I remember sitting down to potluck at a table with young adults in their Sabbath best, generations old and young, some fortunate enough to afford housing and healthcare, others not so fortunate. One woman served herself from the food trays with her hands; I don’t know when they’d last been washed. She sat at my table, no one flinched. We smiled, ate, talked about Jesus all at the same table.
I remember the sense of home for many of us without a spiritual home, and even for those without a physical home. Many found refuge within the purple walls from the weather, or from religious systems that had wounded them. A last stop before leaving it all behind. Sanctuary. We took (and still take) this idea of welcome and sanctuary seriously, as beautifully expressed in this current statement from the church’s board and leadership: “God’s love is broader and deeper than we can fathom. Fellowship and membership in His church should, likewise, be open and generous. The redemptive power of Christ’s love extends to everyone regardless of age, race, class or sexual identity. All are welcome in our church.”
I remember the homeless prostitute who came to our church one evening. She needed a place to stay. Together with one of our lay leaders, we spent hours on the phone contacting shelters after-hours—even driving her to one several towns away—only to find ourselves getting to close to midnight with no success. We prayed together. We sat with her on a cold street, crushed. The safety nets in place for women like her failed that night. So she slept in our fellowship hall on a couch. In the morning—shelters now open again, we introduced her to professionals with more resources than we had.
I remember hours of prayer and dwelling in scripture, opening our spirits to what God might say to us through the Bible. Reading the Gospels and the Prophets, praying and studying the psalms, meditating on scripture in evening vespers. I had the freedom to pray with my doubts and pain instead of rote religious church language. There was a rich spirituality that guided our choices and direction as a congregation. Popular opinion, universalism and such were not the guides. The Holy Spirit led. Inevitably, we took over from the Holy Spirit and things got awkward. We’d falter. Sometimes, we managed to learn from such stumbles and continue in grace. This rootedness in the Bible continued after Melody George left; it continues even now after I moved away.
I remember walking outside during worship one Sabbath to find one of our homeless friends waving his Bible around and yelling at the Devil, while the congregation sang inside. Nothing in my Adventist theological education or pastoral career provided me with resources for handling people suffering from spiritual assault—either demonic or psychological. Our western churches are almost universally unversed in spiritual warfare, let alone handling someone years off their meds. I prayed for him and went inside, wishing I could do more.
There was no foundational rejection of spiritual warfare in the Hollywood congregation, and we fought with the weapons we’d been recently training in: instead of casting out demons, we held vigils interceding with God to provide housing for those without housing, we spoke up for those with no voice to get health care, we teamed up with local ministries and non-profits with more resources for homeless assistance, and our times of prayer and worship remained open to all as a safe space.
Each member of the body of Christ has its gifts. We’re not all hands. We’re not all called to deliverance ministry. Many other churches in Hollywood provided such services. Very few other churches worked to slay the giants of systemic homelessness, mental illness and other matters of basic human decency and justice. To use the language of those more experienced in more “traditional” spiritual warfare, our congregation chose to engage the territorial spirits in our city through prayer, worship, communion and prophetic action.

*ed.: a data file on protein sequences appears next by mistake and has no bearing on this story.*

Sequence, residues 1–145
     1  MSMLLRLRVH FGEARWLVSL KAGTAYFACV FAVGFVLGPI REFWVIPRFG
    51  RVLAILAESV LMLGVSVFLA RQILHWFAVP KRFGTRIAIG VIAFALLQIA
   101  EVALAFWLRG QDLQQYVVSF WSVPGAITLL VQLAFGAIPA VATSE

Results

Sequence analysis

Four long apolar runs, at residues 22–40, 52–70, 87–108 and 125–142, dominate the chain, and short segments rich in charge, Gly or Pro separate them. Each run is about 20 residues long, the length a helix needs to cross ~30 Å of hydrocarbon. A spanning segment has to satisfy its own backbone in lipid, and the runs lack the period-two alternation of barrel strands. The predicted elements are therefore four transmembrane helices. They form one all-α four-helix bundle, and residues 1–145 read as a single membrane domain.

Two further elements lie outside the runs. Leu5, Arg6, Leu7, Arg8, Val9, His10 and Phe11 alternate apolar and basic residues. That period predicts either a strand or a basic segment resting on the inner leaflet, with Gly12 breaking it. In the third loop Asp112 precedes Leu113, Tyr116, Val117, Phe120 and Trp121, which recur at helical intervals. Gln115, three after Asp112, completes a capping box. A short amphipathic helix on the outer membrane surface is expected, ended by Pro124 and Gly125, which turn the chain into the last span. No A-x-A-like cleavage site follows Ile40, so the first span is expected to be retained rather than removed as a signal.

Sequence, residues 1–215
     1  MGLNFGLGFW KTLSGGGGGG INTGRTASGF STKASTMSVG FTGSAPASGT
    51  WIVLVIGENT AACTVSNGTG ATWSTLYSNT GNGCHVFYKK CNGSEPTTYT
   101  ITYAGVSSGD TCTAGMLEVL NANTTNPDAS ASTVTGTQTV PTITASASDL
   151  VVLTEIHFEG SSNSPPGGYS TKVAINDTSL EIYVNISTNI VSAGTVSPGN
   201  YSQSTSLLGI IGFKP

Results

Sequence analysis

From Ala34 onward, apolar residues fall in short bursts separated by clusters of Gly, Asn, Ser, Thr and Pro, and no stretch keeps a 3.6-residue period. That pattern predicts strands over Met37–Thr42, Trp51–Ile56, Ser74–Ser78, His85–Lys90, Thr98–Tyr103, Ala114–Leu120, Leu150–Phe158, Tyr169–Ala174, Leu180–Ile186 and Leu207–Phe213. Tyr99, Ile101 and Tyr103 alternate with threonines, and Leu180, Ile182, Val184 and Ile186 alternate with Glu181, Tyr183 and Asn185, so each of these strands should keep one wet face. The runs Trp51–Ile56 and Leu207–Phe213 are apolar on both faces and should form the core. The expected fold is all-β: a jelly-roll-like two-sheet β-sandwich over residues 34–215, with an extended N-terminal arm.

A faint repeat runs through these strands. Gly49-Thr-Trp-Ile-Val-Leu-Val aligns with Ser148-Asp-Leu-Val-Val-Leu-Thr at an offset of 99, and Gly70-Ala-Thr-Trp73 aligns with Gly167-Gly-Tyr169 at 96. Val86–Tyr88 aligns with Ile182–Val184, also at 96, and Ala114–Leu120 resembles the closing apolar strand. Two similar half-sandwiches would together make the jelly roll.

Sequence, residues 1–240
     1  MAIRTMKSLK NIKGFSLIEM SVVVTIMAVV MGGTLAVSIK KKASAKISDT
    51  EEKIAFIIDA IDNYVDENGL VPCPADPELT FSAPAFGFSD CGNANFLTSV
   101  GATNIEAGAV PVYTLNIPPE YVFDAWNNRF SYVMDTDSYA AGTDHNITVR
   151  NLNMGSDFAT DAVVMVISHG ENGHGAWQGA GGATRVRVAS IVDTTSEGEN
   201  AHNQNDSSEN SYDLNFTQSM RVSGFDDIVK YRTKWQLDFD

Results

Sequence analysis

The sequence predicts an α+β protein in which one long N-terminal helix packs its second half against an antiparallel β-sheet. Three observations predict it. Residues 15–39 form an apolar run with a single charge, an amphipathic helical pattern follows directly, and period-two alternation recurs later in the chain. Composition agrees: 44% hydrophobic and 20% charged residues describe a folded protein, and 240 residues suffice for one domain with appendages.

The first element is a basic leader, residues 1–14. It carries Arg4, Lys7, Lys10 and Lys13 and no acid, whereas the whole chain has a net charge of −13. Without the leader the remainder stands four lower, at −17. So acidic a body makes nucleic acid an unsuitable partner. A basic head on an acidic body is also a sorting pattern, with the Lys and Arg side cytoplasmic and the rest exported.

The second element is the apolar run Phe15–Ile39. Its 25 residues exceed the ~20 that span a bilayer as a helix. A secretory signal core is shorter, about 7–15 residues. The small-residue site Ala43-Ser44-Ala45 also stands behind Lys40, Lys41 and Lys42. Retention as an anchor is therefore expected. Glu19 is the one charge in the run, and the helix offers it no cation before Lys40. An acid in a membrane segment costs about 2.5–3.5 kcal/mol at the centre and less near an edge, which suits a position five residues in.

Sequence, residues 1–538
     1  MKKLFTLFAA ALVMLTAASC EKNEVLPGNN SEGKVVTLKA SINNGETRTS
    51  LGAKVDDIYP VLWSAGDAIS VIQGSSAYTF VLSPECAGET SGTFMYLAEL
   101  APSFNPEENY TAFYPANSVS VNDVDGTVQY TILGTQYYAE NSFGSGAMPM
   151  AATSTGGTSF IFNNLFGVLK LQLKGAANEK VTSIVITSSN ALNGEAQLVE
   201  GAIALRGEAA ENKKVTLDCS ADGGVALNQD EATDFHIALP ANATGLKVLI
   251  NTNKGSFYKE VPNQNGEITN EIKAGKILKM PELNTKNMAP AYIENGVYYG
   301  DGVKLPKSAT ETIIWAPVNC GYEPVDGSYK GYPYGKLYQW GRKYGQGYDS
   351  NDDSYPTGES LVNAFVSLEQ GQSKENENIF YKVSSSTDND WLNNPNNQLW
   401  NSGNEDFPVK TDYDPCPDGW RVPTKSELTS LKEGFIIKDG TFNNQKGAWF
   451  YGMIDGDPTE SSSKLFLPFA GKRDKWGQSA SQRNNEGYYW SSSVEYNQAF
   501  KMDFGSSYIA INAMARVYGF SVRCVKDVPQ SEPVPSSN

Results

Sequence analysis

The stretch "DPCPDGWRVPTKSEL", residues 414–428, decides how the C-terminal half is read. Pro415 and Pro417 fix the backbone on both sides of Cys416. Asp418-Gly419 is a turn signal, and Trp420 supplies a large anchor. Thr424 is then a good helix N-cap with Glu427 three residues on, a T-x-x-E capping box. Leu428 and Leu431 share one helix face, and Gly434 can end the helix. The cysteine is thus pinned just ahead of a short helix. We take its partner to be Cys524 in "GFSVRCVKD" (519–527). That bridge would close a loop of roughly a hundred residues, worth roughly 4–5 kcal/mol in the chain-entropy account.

I remember praying hard with leadership—staff, elders, myself an elder and pastor there—about sexual ethics. How seriously do we take Jesus’ refusal to condemn a woman accused of adultery? How serious are we about being a safe place? What do we do when someone is living in a manner outside of our inherited expectations about righteous living yet still manifests beautiful evidence of their spiritual gifts in a way that uplifts others? This is a difficult pastoral question, one in which Hollywood’s leadership did our best to be guided by grace, not out of a desire to be inoffensive and politically correct. Learning to live grace is messy; it challenges our expectations, sometimes even our sense of right and wrong. As it turned out, in some cases we handled this well and other times… regretfully, we did not. I am sad for the moments when we failed to be Christ for those looking to the church to be Christ’s embrace.
In Matthew 25, Christ called righteous those who feed the hungry, give water to the thirsty, and invite a strange in to receive hospitality. For Christ, grace trumped all—even religious claims to righteousness. Justice is a radical upending of the status quo—the Kingdom of Heaven says that the systems of this earth will not stand, that to ignore the orphans, widows and strangers is to ignore God.
I remember many moments of dysfunction and broken relationships. Ryan had issues. Our church board had issues. Our staff had issues. Our congregation had issues. I had issues. God’s body on earth is just as broken as Christ’s on the cross and the bread at the table. This is our body, screwed up for you; take, eat, do this and somehow in that remember Christ.
Scott Arany is a graphic designer, musician, and former assistant pastor at the Hollywood Adventist Church.
This is a companion discussion topic for the original entry at http://spectrummagazine.org/node/6579